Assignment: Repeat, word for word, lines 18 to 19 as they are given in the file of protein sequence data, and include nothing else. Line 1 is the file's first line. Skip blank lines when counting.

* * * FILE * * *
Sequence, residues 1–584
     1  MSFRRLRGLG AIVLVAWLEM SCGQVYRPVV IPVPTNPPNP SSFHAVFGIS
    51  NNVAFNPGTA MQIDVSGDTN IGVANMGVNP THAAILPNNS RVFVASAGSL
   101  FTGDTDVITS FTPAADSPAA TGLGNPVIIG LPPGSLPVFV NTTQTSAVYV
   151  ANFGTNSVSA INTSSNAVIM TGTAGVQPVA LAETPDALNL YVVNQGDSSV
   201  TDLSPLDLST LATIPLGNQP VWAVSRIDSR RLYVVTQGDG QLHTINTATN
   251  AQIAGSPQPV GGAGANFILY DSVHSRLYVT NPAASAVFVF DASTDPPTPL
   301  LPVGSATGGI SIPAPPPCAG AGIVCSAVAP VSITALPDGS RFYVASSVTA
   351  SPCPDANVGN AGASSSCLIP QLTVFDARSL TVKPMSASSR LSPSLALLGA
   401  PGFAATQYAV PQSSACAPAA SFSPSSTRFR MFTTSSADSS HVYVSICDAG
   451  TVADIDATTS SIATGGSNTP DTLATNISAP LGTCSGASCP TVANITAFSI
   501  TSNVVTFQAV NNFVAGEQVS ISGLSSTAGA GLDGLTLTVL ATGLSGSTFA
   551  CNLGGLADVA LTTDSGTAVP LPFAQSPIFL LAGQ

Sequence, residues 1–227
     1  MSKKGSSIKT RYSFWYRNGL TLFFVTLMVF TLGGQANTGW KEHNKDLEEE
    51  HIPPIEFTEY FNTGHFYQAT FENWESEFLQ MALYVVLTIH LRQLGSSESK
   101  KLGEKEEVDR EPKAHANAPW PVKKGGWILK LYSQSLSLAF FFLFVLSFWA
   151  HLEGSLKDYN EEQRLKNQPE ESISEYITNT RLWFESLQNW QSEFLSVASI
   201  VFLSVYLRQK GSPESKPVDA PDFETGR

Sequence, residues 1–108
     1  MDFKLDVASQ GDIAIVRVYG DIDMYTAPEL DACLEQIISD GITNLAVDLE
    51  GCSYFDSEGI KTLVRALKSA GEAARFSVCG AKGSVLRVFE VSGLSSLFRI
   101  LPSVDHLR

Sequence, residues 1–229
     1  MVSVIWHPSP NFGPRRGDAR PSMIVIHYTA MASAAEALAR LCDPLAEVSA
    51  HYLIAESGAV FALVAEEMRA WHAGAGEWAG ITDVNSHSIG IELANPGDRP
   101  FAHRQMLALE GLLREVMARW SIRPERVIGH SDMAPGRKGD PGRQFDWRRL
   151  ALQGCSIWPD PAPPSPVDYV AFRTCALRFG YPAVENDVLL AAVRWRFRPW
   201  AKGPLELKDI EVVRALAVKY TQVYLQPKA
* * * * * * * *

   151  HLEGSLKDYN EEQRLKNQPE ESISEYITNT RLWFESLQNW QSEFLSVASI
   201  VFLSVYLRQK GSPESKPVDA PDFETGR